Can raised field agriculture be reintroduced as a form of sustainable development? Sustainability has become a buzzword in the development literature and has become closely associated with traditional agricultural systems. I use t he World Commission on Environment and Development's definition of sustainable agriculture as "development that meets the needs of the present without compromising the ability of future generations to meet their own needs" (in CIKARD 1993:3). Although re latively imprecise, sustainability connotes the maintenance of high productivity over the long run while managing and protecting local environmental resources from degradation. Sustainable development also promotes an "acceptable livelihood," with connot ations of justice and equitability.


We don't have enough data on long term experimentation of raised field agriculture within farming in the context of communities to know whether it is truly sustainable. We believe that some farmers will adopt raised field agricultu re because of specific needs and requirements. Other farmers will not adopt it because of the labor involved. The social, political, economic, demographic, and environmental context of present farming in the Beni is very different from that when the fie lds were originally constructed and use by prehispanic farmers. An sustainable adequate technology alone is not enough reason for the system to be adopted. The initial interest by farmers in Bermeo and Esperanza and local indigenous leaders indicates th at it has potential.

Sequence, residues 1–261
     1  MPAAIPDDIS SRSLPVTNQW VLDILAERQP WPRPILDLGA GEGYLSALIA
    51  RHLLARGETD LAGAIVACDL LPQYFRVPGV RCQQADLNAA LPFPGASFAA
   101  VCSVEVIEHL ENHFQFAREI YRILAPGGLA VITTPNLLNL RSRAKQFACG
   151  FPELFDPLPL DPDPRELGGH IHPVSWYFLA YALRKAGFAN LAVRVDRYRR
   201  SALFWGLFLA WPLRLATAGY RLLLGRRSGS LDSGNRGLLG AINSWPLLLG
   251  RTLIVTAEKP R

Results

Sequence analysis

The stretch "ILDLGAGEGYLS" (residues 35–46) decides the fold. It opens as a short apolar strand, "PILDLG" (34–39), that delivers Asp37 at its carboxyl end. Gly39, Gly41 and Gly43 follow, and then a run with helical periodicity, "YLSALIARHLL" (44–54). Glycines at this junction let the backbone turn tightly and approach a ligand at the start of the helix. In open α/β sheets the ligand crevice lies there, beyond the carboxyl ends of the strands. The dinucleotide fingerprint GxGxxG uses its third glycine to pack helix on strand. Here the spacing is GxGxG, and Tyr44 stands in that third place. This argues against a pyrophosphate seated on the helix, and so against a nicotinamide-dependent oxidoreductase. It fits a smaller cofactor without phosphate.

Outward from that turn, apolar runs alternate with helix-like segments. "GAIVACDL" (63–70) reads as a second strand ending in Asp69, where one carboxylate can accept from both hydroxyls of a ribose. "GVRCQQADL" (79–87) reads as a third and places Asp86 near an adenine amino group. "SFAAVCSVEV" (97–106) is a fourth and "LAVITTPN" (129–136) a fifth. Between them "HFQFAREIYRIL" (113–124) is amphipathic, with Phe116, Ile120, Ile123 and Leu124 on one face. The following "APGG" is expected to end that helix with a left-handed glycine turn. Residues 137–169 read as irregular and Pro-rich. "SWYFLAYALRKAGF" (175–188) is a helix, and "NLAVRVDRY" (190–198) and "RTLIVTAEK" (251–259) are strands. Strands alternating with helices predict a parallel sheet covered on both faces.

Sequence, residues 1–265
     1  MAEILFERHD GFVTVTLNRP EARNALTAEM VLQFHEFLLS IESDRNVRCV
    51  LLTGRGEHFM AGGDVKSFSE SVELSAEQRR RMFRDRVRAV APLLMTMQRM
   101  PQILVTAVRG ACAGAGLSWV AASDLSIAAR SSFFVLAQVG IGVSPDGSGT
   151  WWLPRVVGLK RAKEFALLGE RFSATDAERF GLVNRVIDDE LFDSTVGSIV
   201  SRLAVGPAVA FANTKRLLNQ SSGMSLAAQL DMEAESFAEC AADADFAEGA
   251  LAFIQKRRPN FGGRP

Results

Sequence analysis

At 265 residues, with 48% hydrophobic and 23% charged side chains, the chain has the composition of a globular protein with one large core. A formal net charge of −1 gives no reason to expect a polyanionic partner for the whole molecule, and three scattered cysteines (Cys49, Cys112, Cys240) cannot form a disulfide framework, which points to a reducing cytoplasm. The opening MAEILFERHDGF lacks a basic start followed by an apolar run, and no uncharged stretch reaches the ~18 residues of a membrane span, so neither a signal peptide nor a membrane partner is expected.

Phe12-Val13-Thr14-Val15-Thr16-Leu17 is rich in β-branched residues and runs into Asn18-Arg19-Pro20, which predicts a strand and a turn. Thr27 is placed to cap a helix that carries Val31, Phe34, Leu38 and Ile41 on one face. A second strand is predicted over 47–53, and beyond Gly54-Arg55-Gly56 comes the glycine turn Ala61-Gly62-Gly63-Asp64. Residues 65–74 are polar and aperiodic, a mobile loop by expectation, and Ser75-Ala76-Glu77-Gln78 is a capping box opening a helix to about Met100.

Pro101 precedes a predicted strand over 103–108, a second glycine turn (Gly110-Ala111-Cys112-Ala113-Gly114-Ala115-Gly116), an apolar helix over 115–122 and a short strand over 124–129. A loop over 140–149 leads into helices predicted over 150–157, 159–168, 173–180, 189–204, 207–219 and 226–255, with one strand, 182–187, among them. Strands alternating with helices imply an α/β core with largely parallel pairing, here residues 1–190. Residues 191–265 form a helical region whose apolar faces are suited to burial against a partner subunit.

As an answer to environmental and technical problems posed to agricultural production, raised field technology could be applied to numerous zones of the humid tropical lowlands of South America. These include the seasonally inundat ed savannas, river floodplains, and permanent wetlands in the lower Llanos de Orinoco (Venezuela), Pantanal (western Mato Grosso, Brazil), eastern Marajó Island (Brazil), Bolivar savannas (northern Columbia), along the Amazon floodplain, Rio Casqui are region (Brazil and Venezuela), on the SW side of Lake Maricaibo (Venezuela), the Orinoco Delta (Venezuela), and the Rio Heath (SE Peru), interior and coastal savannas (Guyana), Gran Chaco (Paraguay and Bolivia), upper Orinoco Llanos (Venezuela), and p arts of the Planalto Central (Brazil) (Denevan 1966:4-5). Prehispanic field systems found in many of these area are evidence of past intensive use.